is a tiny wandering imaginary dinosaur which migrated from AOL in October of 2008.

Thinking Lizard

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Rhodingeedaddee is my node blog. See my other blogs and recent posts.


[6-16-2009 Update Insert: Most of what is in this space is now moot. I found out what I was doing wrong and have reinstated Archives and Labels searches. They do work. However, in certain cases you may prefer Labels to Archives. Example: 1976 Today begins in November of 2006 and concludes in December of 2006, but there are other related posts in other months. Note: Labels only shows 20 posts at a time. There are 21 hubs, making 21 (which is for 1976 Today) an older hub.] ********************************* to my online poems and song lyrics using Archives. Use hubs for finding archival locations but do not link through them. Originally an AOL Journal, where the archive system was nothing like the system here, this blog was migrated from there to here in October of 2008. Today (Memorial/Veteran's Day, May 25, 2009) I discovered a glitch when trying to use a Blogger archive. Now, it may be template-related, but I am unable to return to S M or to the dashboard once I am in the Archives. Therefore, I've decided on this approach: a month-by-month post guide. The sw you see in the codes here stood for Salchert's Weblog when I began it in November of 2006. It later became Sprintedon Hollow. AOL provided what were called entry numbers, but they weren't consistent, and they didn't begin at the first cardinal number. That is why the numbers after "sw" came to be part of a post's code. ************** Here then is the month-by-month post guide: *2006* November: 00001 through 00046 - December: 00047 through 00056 -- *2007* January: 00057 through 00137 - February: 00138 through 00241 - March: 00242 through 00295 - April: 00296 through 00356 - May: 00357 through 00437 - June: 00438 through 00527 - July: 00528 though 00550 - August: 00551 through 00610 - September: 00611 through 00625 - October: 00626 through 00657 - November: 00658 through 00729 - December: 00730 through 00762 -- *2008* January: 00763 through 00791 - February: 00792 through 00826 - March: 00827 through 00849 - April: 00850 through 00872 - May: 00873 through 00907 - June: 00908 through 00931 - July: 00932 through 00955 - August: 00956 through 00993 - September 00994 through 01005 - October: 01006 through 01007 - November: 01008 through 01011 - December: 01012 through 01014 -- *2009* January: 01015 through 01021 - February: 01022 through 01028 - March: 01029 through 01033 - April: 01034 through 01036 - May: 01037 through 01044 - ******************************************************* 1976 Today: 2006/11 and 2006/12 -- Rooted Sky 2007: 2007/01/00063rsc -- Postures 2007: 2007/01/sw00137pc -- Sets: 2007/02/sw00215sgc -- Venturings: 2007/03/00216vc -- The Undulant Trees: 2007/03/00266utc -- This Day's Poem: 2007/03/00267tdpc -- Autobio: 2007/04/sw00316ac -- Fond du Lac: 2007/04/00339fdl -- Justan Tamarind: 2007/05/sw00366jtc -- Prayers in December: 2007/05/sw00393pindc -- June 2007: 2007/06/sw00440junec -- Seminary: 2007/07/sw00533semc -- Scatterings: 2008/08/00958sc ** Song Lyrics: 2008/02/sw00797slc ********** 2009-06-02: Have set S M to show 200 posts per page. Unfortunately, you will need to scroll to nearly the bottom of a page to get to the next older/newer page.


Saturday, July 28, 2007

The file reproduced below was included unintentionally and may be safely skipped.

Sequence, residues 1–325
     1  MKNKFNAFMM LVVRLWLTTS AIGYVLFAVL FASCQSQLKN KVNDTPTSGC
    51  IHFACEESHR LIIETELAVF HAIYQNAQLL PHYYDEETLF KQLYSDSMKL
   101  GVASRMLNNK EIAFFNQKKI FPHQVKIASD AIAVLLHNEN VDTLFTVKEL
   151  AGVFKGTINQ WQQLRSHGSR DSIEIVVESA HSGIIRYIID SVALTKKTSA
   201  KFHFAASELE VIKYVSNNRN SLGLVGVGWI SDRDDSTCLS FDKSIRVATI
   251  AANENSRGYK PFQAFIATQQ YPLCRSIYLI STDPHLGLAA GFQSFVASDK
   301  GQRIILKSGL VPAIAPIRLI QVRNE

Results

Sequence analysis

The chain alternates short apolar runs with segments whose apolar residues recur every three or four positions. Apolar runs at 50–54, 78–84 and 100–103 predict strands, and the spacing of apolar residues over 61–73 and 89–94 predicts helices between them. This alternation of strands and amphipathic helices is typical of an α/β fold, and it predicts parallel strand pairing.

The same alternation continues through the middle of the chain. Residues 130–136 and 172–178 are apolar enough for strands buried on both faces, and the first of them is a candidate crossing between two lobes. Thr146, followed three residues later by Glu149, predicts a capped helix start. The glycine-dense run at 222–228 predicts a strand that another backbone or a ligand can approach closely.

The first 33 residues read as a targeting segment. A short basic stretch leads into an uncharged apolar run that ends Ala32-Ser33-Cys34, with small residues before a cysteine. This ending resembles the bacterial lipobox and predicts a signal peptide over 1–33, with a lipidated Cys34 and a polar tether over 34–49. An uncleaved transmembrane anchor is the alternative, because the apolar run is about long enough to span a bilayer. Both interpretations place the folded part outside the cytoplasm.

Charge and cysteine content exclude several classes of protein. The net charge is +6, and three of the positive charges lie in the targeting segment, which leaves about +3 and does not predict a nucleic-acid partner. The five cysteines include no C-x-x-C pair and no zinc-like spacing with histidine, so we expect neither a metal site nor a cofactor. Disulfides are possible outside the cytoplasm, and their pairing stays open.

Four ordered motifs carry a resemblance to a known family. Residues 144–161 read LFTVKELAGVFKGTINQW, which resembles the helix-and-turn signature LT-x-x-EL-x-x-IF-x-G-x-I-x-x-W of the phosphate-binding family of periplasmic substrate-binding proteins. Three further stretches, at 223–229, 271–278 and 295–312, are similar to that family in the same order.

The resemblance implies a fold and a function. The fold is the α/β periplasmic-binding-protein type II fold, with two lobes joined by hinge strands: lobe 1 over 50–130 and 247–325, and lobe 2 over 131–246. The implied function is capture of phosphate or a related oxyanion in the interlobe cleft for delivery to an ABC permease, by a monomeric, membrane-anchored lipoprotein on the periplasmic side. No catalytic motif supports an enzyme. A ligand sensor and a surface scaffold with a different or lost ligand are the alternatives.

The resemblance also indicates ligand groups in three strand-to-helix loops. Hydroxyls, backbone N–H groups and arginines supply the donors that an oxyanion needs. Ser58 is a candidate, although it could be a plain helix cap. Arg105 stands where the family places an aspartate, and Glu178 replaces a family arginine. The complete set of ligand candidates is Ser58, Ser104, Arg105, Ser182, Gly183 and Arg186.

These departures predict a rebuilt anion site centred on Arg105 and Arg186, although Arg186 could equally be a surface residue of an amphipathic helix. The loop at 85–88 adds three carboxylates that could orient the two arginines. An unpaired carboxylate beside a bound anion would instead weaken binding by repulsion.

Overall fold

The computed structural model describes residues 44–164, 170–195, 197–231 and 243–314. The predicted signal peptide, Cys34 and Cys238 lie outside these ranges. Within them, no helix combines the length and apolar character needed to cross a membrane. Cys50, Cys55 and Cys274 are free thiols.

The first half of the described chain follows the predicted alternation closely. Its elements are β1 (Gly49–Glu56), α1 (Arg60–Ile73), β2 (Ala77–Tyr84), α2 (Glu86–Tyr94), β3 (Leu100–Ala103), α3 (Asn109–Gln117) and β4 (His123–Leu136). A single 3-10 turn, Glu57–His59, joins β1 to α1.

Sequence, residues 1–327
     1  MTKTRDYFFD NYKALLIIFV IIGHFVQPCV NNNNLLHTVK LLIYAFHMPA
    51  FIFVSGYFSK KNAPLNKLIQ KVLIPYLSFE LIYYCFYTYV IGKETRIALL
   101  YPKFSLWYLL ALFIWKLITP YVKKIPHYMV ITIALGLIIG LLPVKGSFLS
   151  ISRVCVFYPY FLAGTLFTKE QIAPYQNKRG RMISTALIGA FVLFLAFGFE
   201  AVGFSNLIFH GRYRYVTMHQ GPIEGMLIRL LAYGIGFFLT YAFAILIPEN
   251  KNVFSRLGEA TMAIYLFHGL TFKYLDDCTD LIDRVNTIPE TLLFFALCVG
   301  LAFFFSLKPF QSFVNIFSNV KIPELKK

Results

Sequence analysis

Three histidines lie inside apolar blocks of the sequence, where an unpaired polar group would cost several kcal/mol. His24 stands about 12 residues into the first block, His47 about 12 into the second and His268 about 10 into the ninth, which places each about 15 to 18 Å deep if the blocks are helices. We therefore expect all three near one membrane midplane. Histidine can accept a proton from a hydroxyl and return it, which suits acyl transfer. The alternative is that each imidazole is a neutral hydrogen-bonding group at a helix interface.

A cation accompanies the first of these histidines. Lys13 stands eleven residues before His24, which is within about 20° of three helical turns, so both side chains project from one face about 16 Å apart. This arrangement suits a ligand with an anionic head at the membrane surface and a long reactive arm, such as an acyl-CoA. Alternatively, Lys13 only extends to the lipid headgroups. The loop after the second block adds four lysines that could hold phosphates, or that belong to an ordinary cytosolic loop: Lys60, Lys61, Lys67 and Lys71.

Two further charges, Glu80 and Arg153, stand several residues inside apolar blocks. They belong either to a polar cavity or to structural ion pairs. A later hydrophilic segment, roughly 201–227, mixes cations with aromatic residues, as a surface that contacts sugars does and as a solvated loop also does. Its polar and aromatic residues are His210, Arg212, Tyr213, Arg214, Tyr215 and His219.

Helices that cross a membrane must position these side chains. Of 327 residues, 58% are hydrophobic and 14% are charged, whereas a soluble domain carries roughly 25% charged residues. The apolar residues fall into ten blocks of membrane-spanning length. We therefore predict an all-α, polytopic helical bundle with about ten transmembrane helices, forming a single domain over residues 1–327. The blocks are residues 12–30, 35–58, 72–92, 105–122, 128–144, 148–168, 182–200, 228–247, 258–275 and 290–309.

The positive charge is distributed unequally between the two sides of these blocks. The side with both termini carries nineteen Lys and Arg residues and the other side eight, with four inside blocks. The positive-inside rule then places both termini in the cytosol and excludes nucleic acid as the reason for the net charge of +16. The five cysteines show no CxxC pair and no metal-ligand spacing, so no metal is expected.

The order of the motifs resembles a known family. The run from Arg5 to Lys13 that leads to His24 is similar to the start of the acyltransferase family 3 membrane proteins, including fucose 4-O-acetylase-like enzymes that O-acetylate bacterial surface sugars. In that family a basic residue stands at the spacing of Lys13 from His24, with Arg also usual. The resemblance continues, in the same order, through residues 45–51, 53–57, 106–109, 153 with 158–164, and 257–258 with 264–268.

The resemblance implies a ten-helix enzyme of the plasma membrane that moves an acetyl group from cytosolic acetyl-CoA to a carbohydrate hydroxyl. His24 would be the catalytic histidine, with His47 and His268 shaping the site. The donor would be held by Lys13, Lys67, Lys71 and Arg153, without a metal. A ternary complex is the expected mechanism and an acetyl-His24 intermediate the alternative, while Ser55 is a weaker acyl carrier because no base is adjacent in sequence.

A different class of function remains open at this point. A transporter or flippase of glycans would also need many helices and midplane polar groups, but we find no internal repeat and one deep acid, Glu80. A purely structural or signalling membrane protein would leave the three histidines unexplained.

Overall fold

09.11.06 Stirling Numbers and Binomial Coefficients Yesterday, in the midst of searching for something else, I found the manilla folder in which I am keeping short mathematical papers I have written. Among these is one wherein I show a way of determining binominal coefficients which is different from the way in general use. I wrote it during the heat of my studying for the GRE. The date on it is September 17, 1983. Alas, my way, while it does work, is merely of some interest, and is not a viable competitor. Nonetheless, being pleased with it, I sent it to a most cordial excellent mathematician in Canada. In his 83:12:07 letter to me/ he* wrote: "Your method for calculating binomial coefficients is more complicated than more usual ways of doing so, but there is some interest, because you have re- discovered the Stirling numbers of the first kind, which crop up all over the place in combinatorial analysis." He also sent a separate sheet to me on which he uses Pascal's Triangle to show me how the Stirling numbers of the first kind operate. To this he provided further explanatory information. I had mentioned Pascal's Triangle in my brief paper, but I did not use it. # Today I went online to learn more about Stirling numbers. I visited two sites. At site one, after going back & forth several times from the triangle depiction of the Stirling numbers of the first kind to the one of the second kind, I suddenly noticed that the natural number summation sequence is integral to both kinds, with the important distinctions that each nnss term in the Stirling numbers of the first kind is preceded by a minus sign, and that the generated terms therein both alternate from negative to positive to negative to positive values and increase in value far more rapidly than do the totally positive terms in the Stirling numbers of the second kind. At site two I found what I always crave: clear examples. The examples presented there illustrate combinations. # Even though my paper does not "merit publication", I've decided to publish it. See entry beneath this one: sw00546math # # Notes: 1. James Stirling was an 18th Century Scottish mathematician. 2. The two triangles showing Stirling numbers of the first kind and Stirling numbers of the second kind are located at: Stirling number 3. The clear combinations examples are at: Brian A. J. Salchert

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